Over in the psych wards at Mass Memorial, his day job, Nat wasn’t exactly known for his empathy. Sometimes he wondered if he’d gotten into the wrong profession.
Your curiosity and your need to stay interested
, his mentor, Dr. Francesci, had once written on an evaluation,
overwhelms your recognition that this is a human being in need in front of you.
But he could still feel for Margaret Post. All joking aside, they needed to catch the freak who had killed her.
The phone rattled on the desk. John again.
the message read.
Any takers over there?
Nat scooped up the phone and walked to get some blood flowing to his toes, which were quickly losing feeling. The disembodied messages out of the ether were starting to spook him. He felt like calling John. But Nat typed instead as he walked out into the dark hallway.
Nope. Yankees hate psychs. Rather drink.
Nat paced, walking up one flight into the tall arched hallway of the building. It boomed with a low, full-bodied echo; the place was old, built in 1729. In the gloom of the exit light, Nat passed the black-and-white archival photographs of famous Northamians: mostly sea captains or whalers (they were only forty miles from the ocean) or old codgers in top hats standing over some cornerstone or inaugurating the water mill. There were even a couple of public hangings in the town square depicted somewhere near the front entrance. Ghoulish fun for schoolboys.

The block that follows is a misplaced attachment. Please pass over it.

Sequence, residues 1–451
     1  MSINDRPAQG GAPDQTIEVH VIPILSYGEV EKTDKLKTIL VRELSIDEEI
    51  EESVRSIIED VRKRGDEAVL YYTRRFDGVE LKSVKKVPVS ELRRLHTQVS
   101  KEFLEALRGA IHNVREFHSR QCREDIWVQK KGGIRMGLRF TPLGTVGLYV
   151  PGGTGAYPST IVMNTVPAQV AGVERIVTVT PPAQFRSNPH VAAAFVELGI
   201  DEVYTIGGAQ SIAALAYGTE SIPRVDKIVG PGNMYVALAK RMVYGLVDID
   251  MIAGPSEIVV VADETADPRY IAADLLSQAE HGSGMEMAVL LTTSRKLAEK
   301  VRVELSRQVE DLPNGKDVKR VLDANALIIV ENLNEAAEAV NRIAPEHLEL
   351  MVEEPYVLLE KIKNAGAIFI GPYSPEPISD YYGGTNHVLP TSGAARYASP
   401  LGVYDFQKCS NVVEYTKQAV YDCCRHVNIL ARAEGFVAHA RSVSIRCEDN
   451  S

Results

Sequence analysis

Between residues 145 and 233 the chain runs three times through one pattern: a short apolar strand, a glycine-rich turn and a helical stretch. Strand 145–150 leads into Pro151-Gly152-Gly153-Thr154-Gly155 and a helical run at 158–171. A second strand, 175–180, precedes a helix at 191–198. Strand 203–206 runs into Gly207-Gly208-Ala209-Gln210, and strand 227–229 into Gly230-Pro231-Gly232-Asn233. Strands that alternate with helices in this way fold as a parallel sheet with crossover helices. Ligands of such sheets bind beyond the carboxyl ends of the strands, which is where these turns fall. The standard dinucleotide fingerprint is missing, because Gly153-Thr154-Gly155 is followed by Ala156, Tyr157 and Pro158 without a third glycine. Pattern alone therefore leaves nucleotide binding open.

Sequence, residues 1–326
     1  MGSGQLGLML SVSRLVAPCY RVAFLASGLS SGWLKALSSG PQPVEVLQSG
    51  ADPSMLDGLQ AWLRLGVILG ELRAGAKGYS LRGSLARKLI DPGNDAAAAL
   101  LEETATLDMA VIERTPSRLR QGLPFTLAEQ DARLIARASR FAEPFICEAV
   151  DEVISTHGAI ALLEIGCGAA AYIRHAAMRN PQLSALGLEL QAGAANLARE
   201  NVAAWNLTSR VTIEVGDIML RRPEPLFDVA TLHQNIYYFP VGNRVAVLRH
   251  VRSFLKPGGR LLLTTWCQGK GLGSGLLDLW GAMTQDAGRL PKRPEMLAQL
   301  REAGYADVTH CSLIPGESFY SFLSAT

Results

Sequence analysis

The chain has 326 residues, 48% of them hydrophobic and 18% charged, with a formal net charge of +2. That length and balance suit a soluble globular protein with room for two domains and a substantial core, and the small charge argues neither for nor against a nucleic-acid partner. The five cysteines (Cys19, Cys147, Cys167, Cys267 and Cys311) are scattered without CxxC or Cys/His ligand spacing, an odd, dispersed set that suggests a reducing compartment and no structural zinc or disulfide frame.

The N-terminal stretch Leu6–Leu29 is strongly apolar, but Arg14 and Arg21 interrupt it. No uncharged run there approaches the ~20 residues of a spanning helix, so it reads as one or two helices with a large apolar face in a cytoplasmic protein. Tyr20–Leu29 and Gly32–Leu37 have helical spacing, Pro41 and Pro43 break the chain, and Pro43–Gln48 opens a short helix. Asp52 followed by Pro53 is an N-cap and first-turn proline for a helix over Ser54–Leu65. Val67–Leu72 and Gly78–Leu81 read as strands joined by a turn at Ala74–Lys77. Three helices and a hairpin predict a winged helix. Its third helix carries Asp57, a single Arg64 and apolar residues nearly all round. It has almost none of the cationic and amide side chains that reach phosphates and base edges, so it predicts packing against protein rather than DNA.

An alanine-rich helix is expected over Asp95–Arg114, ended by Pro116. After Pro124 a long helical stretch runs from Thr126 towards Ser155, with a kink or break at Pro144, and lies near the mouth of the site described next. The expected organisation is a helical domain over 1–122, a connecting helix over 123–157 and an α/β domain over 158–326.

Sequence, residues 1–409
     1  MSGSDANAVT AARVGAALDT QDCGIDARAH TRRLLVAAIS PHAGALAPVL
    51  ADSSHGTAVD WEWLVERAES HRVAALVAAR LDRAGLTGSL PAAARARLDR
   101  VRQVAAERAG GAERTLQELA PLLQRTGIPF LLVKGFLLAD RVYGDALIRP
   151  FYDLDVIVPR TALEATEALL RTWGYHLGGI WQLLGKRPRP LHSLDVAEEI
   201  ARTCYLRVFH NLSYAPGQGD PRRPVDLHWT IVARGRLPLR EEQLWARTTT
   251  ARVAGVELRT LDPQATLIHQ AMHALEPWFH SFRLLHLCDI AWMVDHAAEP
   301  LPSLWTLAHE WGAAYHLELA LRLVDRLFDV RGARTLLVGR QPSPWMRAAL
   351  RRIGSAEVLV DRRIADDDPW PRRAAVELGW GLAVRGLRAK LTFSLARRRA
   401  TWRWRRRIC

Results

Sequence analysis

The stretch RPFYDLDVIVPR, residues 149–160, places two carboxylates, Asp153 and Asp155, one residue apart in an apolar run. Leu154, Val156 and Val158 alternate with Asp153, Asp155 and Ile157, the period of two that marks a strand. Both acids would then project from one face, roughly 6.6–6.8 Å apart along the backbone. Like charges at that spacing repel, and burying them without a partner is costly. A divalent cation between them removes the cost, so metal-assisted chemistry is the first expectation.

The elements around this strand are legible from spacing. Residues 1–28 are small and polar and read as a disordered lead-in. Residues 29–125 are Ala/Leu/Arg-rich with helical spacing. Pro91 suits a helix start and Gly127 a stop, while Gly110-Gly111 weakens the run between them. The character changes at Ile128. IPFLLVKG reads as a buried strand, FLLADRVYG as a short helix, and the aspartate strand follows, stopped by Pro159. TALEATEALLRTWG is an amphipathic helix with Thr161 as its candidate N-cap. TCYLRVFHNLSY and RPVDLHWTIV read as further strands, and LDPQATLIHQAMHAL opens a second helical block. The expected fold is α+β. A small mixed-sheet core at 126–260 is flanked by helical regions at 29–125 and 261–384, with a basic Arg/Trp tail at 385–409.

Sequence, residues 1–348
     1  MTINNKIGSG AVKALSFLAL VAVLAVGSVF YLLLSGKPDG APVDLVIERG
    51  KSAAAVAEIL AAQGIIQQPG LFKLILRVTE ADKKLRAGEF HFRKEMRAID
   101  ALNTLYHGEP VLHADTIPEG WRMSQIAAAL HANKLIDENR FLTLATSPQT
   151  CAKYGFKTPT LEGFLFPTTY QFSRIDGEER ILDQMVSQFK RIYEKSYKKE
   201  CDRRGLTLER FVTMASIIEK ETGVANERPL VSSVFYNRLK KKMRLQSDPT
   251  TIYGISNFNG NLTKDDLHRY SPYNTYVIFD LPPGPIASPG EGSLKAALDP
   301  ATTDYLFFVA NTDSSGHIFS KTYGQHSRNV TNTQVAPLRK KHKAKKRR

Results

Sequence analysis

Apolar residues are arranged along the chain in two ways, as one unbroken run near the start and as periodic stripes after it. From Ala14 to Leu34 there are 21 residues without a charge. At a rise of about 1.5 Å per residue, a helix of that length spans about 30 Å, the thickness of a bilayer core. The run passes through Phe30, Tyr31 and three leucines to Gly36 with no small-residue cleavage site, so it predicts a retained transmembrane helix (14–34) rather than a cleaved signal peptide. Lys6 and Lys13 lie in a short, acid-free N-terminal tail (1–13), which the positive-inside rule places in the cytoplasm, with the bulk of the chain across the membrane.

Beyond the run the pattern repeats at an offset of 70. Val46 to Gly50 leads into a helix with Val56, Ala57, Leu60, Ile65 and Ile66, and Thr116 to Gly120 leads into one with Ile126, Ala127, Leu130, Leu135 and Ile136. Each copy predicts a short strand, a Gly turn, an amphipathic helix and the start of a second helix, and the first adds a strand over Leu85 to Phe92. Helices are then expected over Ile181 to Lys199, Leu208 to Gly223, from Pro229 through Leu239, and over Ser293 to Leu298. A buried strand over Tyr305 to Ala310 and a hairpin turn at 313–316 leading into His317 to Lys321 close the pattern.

It was, if that was physically possible, even colder in the hallway.
The phone buzzed in his hand.
Ur not psych. Ur bait. Be careful.
Nat caught his breath in surprise, then laughed. It could be true. The town was locked up, windswept, seemingly deserted. He’d been the only one out tonight in the ten minutes it took to walk from his condo to city hall.
Well, send him in
, Nat thought.
As long as he has an extra blanket and a bottle of Jack.
He thumbed the phone’s keys.
Suicide: Found out best friend John secretly married to Maggie Voorhees. Shame too much.
It took thirty seconds by Nat’s count for the little balloon to appear with his response.
I’m serious, Nat. Watch urself. Had reports . . .
But nothing appeared under his little text window. Nat frowned.
Reports of what, John?
He stared at the phone, then watched his breath disappear into the gloom. Damn it, what was John saying? He gave the phone a little shake, as if the extra letters were stuck somewhere in the circuitry and would tumble out with a little coaxing.